The United States Air Force and Navy appear to be closing in on a partial solution to a complicated set of problems that have for years caused pilots to experience adverse physiological symptoms midair, endangering them and the aircraft. Officials from both services said that by early 2019 they will replace faulty oxygen-supply systems with new hardware and software in their T-6 Texan trainer aircraft. They are also continuing to study how pilots in their trainer and combat aircraft are being affected by hypoxia — a physiological condition caused by low levels of oxygen in the bloodstream that can lead to a lack of concentration and muscle control, inability to perform delicate tasks and ultimately loss of consciousness.

Oxygen-deprivation and cockpit-pressurization problems have afflicted trainer and top-line aircraft in the Navy and the Air Force — including the F-22 Raptor, the F-35A Joint Strike Fighter, the A-10 Thunderbolt, the T-45 Goshawk trainer and F/A-18 Hornet — for at least a decade. Until recently, the source of these episodes mystified military officials. Because so many different aircraft were affected, the services didn’t think they were being caused by one specific problem. In his testimony to the House Armed Services Tactical Air and Land Forces Subcommittee in February, Lt. Gen. Mark Nowland, the Air Force deputy chief of staff for operations, said that “there is no single root cause tied to a manufacturing or design defect that would explain multiple physiological event incidents across airframes or within a specific airframe.” Lawmakers, frustrated with the lack of progress made by the services, criticized Nowland for his remarks. “I could not be more disappointed by your presentation,” said Representative Michael R. Turner, an Ohio Republican and the subcommittee chairman. “There is something wrong with the systems that these pilots are relying on for their lives.” Many junior pilots, meanwhile, felt that their leaders were ignoring or playing down the episodes, because they couldn’t replicate the problem or find an easy fix.

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Finally, under pressure from Congress to change its approach, the Air Force completed a six-month study and announced in September that it had figured out the root cause of these physiological episodes: fluctuating concentrations of oxygen tied to the oxygen-distribution system. In conjunction with the Navy, the service is developing a new oxygen concentrator for the aircraft most commonly associated with the episodes, the T-6 trainer. Air Force pilots of the trainer aircraft reported an average of eight hypoxia-related episodes per month between February and July 2018, Aviation Week reported in August.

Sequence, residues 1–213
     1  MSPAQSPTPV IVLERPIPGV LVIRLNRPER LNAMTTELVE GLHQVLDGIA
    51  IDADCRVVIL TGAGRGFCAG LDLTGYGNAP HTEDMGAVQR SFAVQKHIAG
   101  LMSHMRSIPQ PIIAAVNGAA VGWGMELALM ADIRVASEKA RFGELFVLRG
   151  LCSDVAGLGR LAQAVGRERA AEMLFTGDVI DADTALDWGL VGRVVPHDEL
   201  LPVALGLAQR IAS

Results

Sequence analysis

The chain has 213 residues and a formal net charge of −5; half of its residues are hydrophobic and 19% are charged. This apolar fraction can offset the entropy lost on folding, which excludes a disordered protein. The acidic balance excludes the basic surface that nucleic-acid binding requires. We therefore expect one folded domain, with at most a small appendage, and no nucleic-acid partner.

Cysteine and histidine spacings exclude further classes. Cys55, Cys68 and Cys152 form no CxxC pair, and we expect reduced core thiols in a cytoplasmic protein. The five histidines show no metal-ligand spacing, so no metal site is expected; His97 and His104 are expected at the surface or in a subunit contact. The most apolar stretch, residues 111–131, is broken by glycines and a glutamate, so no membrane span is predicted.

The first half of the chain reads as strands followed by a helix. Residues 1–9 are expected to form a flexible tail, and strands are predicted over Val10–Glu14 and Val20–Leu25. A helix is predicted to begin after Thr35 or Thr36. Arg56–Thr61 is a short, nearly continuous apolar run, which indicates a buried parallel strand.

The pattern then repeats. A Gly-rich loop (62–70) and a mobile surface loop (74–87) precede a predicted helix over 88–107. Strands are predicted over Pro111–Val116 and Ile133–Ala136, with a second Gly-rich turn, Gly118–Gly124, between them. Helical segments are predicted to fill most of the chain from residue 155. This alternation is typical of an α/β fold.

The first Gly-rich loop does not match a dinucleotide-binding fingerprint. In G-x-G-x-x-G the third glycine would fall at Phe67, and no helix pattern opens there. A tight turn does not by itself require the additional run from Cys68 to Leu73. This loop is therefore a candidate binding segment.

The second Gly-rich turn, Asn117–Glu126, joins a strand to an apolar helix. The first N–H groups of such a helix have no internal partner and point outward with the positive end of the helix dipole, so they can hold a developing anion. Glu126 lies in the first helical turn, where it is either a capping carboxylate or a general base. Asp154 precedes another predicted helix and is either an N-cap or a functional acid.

The Air Force’s entire F-22 Raptor fleet was grounded for four months in 2011 after 12 separate incidents in which pilots of the $143 million fighter jet experienced a lack of breathable oxygen. One of those resulted in a fatal crash. By July 2012, the total number of incidents had climbed to 36. In the Navy, the greatest impact has been on its standard fighter-bomber, the F/A-18 Hornet. One report said that between 2010 and 2017, its F/A-18 Hornet pilots reported nearly 500 “physiological episodes” in flight and indicated that such problems caused four fatal Hornet crashes.

Similarly worrisome issues struck the military’s F-35 Joint Strike Fighter program, in which the Defense Department is expected to invest $1 trillion by 2030. In May and June 2017, five F-35A pilots assigned to Luke Air Force Base in Arizona reported “hypoxia-like symptoms” while flying but managed to land their planes safely. All F-35A flights at that base were temporarily halted as a result.

Earlier in 2017, problems with the Navy’s T-45 jet caused a near revolt of instructor pilots, whose jobs are to train student aviators. On March 31, 2017, T-45 instructors canceled 51 of 129 scheduled training flights because of safety concerns about physiological episodes they had experienced in flight. The Navy responded by having senior aviators visit the three T-45 training squadrons to assure instructors and students that they were taking the problems seriously. According to an official report, those visits were “not well received at any of the three sites.” The instructors cited what they perceived as a lack of attention on the part of Navy leadership in recognizing the seriousness of the problems and a lack of urgency in correcting them. Not long after, the Navy’s Pacific Fleet set these physiological episodes as its top aviation safety priority and said it would address the problem regardless of cost or resources required. Both the Navy and Air Force have appointed high-ranking officers to lead teams to identify causes and implement fixes.